At the turn of the century, thanks in-part to its large oil & gas reserves, Russia regained its economic (and military) footing. Ever since, Mr. Putin has worked to re-establish Russia’s standing in the global world order. Being flanked on all its borders by puppet governments was a way to facilitate that. To that end, Putin invaded Georgia in ’08, annexed Crimea in ’14, and, as we all are painfully aware, just launched a full-scale invasion of Ukraine. One puppeteer, President Alexander Lukashenko of Belarus offered his country – which borders Ukraine – as a launching ground for Russia’s attack.
Another fixation of Vladimir Putin is the assertion Russia was lied to by Western politicians who promised that after the collapse of the USSR, NATO would not expand into eastern Europe. Specifically, Putin insists that former secretary of state James Baker assured Mikhail Gorbachev that NATO would not expand if the Soviets accepted Germany’s reunification. In a 2007 speech in Munich, Putin formally accused the West of going back on its word and violating international law. Putin's claim is not exclusive to himself. For instance, Boris Yeltsin and other former Soviet politicians have harped on this point for decades.
When NATO welcomed former Soviet Republics Estonia, Latvia & Lithuania along with once-communist nations including Hungary and Poland, into its alliance, Putin was enraged. And as Ukraine continued to gravitate towards the West and aspired to join not only the EU, but also NATO, Putin became increasingly paranoid and hostile. This culminated with Russia amassing close to 200,000 troops on Ukraine’s doorstep. On February 24th, in a delusional speech, Putin declared the West was trying to “finish us off, to destroy us completely.” Then, he invaded Ukraine.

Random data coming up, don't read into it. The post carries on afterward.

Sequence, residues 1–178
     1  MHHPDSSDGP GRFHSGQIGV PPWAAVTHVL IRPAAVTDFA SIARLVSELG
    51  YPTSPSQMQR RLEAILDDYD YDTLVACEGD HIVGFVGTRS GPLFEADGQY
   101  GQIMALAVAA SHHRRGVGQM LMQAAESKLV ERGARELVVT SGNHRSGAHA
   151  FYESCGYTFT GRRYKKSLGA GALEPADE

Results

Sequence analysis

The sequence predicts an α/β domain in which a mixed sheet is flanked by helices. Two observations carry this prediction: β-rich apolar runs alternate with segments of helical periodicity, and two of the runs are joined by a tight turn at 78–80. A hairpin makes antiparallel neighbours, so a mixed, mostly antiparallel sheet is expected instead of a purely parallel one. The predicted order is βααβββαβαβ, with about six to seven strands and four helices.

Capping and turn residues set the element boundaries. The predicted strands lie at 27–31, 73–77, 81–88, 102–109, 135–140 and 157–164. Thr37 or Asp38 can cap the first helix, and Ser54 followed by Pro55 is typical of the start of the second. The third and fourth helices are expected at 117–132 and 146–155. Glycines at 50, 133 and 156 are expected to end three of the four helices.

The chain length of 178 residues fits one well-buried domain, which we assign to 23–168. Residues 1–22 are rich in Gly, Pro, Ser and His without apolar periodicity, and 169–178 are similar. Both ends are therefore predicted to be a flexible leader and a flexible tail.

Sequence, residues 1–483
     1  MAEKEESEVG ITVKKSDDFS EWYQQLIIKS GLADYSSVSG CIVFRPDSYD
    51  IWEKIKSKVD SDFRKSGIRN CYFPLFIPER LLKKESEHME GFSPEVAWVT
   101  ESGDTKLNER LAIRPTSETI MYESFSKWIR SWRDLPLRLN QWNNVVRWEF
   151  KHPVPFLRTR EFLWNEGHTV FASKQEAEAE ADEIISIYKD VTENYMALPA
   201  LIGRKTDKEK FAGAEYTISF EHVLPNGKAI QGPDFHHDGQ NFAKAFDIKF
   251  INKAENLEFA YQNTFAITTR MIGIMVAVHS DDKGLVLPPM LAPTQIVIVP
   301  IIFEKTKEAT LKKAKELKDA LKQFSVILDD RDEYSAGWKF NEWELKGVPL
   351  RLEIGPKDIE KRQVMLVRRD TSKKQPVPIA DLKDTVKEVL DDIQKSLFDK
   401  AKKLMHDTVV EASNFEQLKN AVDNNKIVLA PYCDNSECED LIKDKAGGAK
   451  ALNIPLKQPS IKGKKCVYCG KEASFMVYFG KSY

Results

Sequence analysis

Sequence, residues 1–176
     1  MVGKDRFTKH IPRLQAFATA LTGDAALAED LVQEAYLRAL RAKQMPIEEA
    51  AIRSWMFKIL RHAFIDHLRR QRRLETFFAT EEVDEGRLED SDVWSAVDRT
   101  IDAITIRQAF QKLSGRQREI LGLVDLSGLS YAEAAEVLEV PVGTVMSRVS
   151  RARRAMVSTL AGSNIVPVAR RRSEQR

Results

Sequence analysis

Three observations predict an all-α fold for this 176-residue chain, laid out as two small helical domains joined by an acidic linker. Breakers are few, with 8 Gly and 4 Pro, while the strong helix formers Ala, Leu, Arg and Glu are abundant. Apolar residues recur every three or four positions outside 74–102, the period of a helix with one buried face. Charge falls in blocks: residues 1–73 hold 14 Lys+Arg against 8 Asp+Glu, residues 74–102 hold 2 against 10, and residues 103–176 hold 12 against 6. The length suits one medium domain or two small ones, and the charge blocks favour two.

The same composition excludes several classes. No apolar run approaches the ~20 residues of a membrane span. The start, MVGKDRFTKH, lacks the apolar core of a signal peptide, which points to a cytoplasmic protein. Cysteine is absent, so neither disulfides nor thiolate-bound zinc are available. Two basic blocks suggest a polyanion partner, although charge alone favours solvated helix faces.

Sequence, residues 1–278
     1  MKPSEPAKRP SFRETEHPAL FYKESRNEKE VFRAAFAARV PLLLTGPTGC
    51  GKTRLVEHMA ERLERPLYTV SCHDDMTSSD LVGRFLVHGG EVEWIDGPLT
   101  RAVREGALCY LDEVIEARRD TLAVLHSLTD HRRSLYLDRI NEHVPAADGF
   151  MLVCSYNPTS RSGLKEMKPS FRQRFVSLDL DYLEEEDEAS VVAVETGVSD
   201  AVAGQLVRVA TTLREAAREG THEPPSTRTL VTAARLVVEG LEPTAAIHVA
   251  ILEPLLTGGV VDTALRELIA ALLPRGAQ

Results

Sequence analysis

Ukraine is a tier 1 producer and exporter of quality foodstuffs. Situated in the “wheat belt,” the country produces 8% of the worlds wheat, 13% of corn, and almost 20% of cottonseed oil.
According to Bloomberg:
“From fields to processing plants to ports, Russia’s invasion is paralyzing Ukrainian agriculture, an industry that produces tens of millions of tons of grains and oilseeds and ships crops across the globe. The sector is so core to Ukraine’s identity that its flag depicts blue skies blanketing yellow farm fields.”
Russia is also a major supplier of wheat, corn, and other crops. For specific context, together Russia and Ukraine export almost 1/3rd of the world's wheat and are major suppliers of other agricultural products to the rest of the world. (The United States is also a major producer / exporter of wheat, corn, soy, etc.)
Most of Russia’s and Ukraine’s agricultural products are shipped via the Black Sea. Naval blockades and port seizures have already prevented goods from reaching their respective destinations. And many Ukrainian farmers have been forced off their tractors and into tanks to help defend their nation.
Said David Beasley of the World Food Programme, “…this is going to affect supply chains, and particularly the cost of food…” Mr. Market has already taken notice. This week, the price of wheat traded on the Chicago Board of Trade (CBOT) rose by 40%, the largest weekly price gain ever. Since the invasion, the price of corn, soy, and other food staples have also surged by double digits.